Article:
Row 2 (WS): With Color B, [sl 1, p3] to last stitch, sl 1.
Row 3: With Color B, sl 1, [k3, sl 1] across.
Row 4: With Color A, p all sts.
Row 5: With Color A, k all sts.
Row 6: With Color B, [p2, sl 1, p1] to last st, p1.
Row 7: With Color B, k1, [k1, sl1, k2] across.
Row 8: With Color A, p all sts.

Repeat Rows 1-8 for the desired length.
This is what the stitch looks like on the wrong side. There's a very subtle texture.

The "wrong side" of the knit Brick and Mortar Stitch

Ready to try a pattern incorporating the Brick and Mortar Stitch? You may enjoy "1 Sock, 2 Sock, Red Sock, Blue Sock" from my pattern shop.


Happy knitting!



Knitting a No Gap Afterthought Heel

How to avoid unsightly gaps when knitting an afterthought sock heel.

In my last post I showed you how to mark and pick up the stitches for an afterthought sock heel. Today, let's look at how to actually knit the heel so it's neat and tidy with no ugly gaps.

When we left off, you had just removed the piece of waste yarn that marked your heel placement and things looked like this.
The first thing you need to do is divide your stitches.

For my example, I am working my heel around 40 sts. I leave 20 sts on one dpn and divide the remaining 20 sts evenly across two dpns. If you prefer, you can divide your sts evenly across 4 needles or even use the magic loop method.
Usually your pattern will tell you where to join your yarn. For my example, I am going to join between the two 10-stitch needles.

Knit to the first gap. You'll notice the gap is kind of wide. Picking up two stitches in the gap closes that space.

To pick up the first stitch, look at the 'V' stitch two rounds below and one stitch to the left of the stitch you just worked into.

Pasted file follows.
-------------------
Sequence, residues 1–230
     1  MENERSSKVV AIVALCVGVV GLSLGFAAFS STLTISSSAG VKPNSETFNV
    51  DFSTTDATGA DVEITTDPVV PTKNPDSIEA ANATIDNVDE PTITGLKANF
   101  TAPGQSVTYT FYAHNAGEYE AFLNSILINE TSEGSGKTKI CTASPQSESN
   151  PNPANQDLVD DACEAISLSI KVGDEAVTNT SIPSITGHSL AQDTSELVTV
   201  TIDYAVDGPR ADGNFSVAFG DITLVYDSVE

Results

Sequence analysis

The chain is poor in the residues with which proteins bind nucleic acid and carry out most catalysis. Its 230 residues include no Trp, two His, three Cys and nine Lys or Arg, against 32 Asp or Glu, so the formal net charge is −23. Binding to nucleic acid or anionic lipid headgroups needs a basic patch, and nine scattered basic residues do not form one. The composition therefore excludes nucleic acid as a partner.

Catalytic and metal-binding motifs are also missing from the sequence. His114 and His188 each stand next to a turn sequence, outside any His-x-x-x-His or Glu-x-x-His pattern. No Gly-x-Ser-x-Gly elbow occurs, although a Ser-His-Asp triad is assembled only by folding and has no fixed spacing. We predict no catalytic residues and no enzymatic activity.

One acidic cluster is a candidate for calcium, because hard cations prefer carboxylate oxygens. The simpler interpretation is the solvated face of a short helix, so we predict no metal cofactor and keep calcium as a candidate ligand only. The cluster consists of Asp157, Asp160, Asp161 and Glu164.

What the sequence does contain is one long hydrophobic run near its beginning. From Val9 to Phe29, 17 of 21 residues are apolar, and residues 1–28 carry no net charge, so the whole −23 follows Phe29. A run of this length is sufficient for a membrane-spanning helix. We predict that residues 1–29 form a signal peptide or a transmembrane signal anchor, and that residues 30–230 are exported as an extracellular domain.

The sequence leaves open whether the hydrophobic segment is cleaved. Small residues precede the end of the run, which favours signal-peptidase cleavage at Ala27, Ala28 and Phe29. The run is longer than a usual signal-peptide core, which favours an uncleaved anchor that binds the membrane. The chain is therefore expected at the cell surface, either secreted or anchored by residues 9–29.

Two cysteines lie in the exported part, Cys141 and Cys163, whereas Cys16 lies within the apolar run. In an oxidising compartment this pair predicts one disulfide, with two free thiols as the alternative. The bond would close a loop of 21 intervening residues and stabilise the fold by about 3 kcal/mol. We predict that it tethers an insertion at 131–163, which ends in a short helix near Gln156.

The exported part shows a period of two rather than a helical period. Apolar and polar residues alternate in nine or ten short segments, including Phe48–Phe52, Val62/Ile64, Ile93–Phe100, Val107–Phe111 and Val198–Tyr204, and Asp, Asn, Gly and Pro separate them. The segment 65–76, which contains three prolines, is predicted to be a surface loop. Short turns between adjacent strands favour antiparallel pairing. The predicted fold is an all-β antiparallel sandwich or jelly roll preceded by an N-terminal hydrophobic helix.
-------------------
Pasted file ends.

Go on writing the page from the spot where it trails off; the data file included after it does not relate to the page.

Pick up the right leg of the 'V'
Next, look at the strand exiting the stitch you just worked into and pick it up.
Knit those two lifted strands together.
Instead of 10 stitches on my right needle, there are 11.
Now you need to pick up a stitch on the other side of the gap.

Look at the 'V' stitch two rounds below and one stitch to the right of the next stitch.
Lift the left leg of the 'V'.
Now lift the strand that enters the next stitch.
Lift both strands onto the left needle and knit them together.
Pull the stitch snugly and then continue knitting to the next gap.
 Again, we need to pick up two stitches in the gap.

Look at the 'V' shape stitch two rounds below and one to the left of the stitch you just knit into.
Pick up the right leg of the 'V'
Then look for the strand exiting the stitch you just knit into. (This one can be a little tricky.) Lift the strand.
Knit the two strands together.
Just one more stitch to pick up.

Look at the 'V' shaped stitch two rounds below and one stitch to the right of the next stitch.
Lift up the left leg of the 'V'.
Lift up the strand leading into the next stitch.
Lift both strands onto the left needle and knit them together.
Pull the stitch snugly then knit to the beginning of the heel.
After picking up two stitches on each side of the heel I have 22 sts on one needle and 11 stitches on each of the other needles.
Now that everything is set up, it's time to put a little thought into our afterthought heel.

When you are shaping an afterthought heel you typically use paired decreases. This simply means you decrease two stitches on each side of the heel.

There are a variety of styles of paired decreases that you can choose from. Today let's use a banded, paired decrease.

Knit to 3 stitches before the gap. Knit 2 stitches together and then knit the last stitch.
On the next needle, knit one stitch, slip two stitches individually knitwise then knit them together.
Knit to the last three stitches before the gap.

Knit two stitches together then knit the next stitch.
On the last needle, knit one stitch, slip two stitches individually knitwise then knit them together.
Knit to the beginning of the round.

Knit one round without decreases.
For a longer heel, make paired decreases every other round for the desired length.

I prefer to work the paired decreases every other round until half of my stitches remain and then work the paired decreases every round until 8-12 stitches remain.

Finally, use the Kitchener Stitch to join the bottom of the heel.

Here's both the left and right sides of my afterthought heel.

Sock knitting tutorial: How to knit the perfect afterthought heel

Happy sock knitting!